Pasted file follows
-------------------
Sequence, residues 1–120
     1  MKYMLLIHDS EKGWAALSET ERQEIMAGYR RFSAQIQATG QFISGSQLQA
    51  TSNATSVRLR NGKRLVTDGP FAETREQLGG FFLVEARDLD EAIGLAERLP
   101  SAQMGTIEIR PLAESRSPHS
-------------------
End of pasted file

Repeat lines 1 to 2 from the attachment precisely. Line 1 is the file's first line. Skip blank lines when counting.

Sequence, residues 1–120
     1  MKYMLLIHDS EKGWAALSET ERQEIMAGYR RFSAQIQATG QFISGSQLQA